USD - United States Dollar
Demand for the US dollar picked up slightly after economic data supported rising inflation. US retail sales missed expectations while producer prices climbed to a record number year-over-year. The US Dollar Index edged up marginally higher, moving up 0.02% to 90.54 at the time of writing.
US retail sales fell 1.3% in May, versus expectations of a 0.8% decline. The decline in retail sales suggests that spending on goods is starting to level out as consumers shift their spending to services and entertainment amid a reopening economy. The Producer Price Index climbed above expectations to 6.6% year-over-over, adding to concerns over rising inflation. Some analysts saw this set of mixed data as insufficient for the US Federal Reserve to hint at tightening up monetary policy tomorrow. The Fed is expected to argue that these inflationary pressures are transitory. Some suggest the US dollar could continue to struggle if the central bank sticks to its outlook of low rates for longer.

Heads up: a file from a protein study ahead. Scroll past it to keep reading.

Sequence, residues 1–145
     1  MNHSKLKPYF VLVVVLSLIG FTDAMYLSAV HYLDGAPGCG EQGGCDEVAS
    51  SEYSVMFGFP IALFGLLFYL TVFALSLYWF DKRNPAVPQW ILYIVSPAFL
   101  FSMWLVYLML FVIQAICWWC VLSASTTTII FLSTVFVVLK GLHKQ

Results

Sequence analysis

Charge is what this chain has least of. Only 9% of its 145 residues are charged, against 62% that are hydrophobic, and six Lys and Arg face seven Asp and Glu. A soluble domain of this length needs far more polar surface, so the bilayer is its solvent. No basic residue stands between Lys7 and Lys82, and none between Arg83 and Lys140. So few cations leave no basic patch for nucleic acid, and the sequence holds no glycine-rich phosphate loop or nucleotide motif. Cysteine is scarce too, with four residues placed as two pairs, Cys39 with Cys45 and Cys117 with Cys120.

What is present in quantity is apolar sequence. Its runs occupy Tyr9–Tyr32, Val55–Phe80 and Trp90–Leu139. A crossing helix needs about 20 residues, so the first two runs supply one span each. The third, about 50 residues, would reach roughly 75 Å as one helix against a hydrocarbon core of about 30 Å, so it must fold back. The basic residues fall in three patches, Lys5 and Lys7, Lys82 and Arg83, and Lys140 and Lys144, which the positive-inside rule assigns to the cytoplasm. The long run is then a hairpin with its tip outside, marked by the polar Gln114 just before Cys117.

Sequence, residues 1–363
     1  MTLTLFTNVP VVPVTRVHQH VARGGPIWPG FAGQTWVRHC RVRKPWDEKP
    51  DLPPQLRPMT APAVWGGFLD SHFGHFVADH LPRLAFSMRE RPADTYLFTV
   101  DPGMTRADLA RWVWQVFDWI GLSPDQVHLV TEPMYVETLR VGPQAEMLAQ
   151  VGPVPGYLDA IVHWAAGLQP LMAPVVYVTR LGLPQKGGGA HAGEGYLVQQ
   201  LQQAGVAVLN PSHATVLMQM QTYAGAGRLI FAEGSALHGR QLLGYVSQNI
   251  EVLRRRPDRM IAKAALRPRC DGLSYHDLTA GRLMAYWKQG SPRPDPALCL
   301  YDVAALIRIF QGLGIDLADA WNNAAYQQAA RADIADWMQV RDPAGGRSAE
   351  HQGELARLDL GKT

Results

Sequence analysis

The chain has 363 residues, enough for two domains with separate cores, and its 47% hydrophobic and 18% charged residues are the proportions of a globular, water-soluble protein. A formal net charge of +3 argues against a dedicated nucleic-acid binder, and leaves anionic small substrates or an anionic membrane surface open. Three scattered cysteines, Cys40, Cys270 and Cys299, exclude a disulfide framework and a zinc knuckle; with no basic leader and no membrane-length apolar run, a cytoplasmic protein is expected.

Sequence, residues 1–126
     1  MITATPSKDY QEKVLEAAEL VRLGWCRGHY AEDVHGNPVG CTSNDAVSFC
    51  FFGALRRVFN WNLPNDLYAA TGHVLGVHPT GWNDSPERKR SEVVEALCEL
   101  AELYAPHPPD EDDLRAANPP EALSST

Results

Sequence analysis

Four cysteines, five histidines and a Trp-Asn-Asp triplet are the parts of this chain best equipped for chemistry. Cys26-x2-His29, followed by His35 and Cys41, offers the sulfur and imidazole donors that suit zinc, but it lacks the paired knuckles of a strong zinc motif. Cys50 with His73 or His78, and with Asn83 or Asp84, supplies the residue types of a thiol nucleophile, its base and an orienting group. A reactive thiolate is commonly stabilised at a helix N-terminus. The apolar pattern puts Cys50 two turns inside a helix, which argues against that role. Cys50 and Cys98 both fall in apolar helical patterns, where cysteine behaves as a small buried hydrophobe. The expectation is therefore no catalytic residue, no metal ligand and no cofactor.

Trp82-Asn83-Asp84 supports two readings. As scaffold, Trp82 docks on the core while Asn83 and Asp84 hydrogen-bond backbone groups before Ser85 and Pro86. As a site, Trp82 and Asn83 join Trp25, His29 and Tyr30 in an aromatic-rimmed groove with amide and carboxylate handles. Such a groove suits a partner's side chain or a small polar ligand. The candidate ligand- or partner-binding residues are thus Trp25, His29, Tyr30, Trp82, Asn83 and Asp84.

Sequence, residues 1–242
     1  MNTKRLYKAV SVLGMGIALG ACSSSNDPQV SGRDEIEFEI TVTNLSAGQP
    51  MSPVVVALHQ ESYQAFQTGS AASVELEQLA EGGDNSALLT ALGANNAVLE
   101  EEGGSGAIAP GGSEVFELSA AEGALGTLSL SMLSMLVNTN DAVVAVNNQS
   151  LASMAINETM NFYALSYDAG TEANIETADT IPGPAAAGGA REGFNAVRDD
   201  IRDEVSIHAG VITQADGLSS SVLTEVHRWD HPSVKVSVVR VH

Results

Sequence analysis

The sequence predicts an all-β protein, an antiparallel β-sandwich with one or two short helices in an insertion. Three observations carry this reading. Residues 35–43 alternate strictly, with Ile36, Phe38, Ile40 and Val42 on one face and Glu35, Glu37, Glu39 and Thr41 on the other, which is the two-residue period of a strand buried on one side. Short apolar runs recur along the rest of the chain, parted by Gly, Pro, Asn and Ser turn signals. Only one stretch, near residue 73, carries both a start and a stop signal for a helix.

The euro continued to trade at the low 1.21 range after the release of the US data. EURUSD was up 0.5% at 1.2126 at the time of writing. Eurozone industrial output jumped to 0.8% month on month, with an expected figure of 0.4%, suggesting a broadening of the economic recovery, particularly in the manufacturing sector. This gave the euro some momentum, but the currency could mainly take its cues this week from the US dollar.
The pound fell to a one-month low against the US dollar, moving below 1.41. GBPUSD was down 0.17% at 1.4083 at the time of writing. The delay in the UK’s reopening from lockdown restrictions continued to weigh on the currency, despite upbeat UK jobs numbers.
1.2106 - 1.2144 ▲GBP/USD:
1.404 - 1.4126 ▼AUD/USD:
0.7686 - 0.7722 ▼USD/CAD:
1.213 - 1.2196 ▲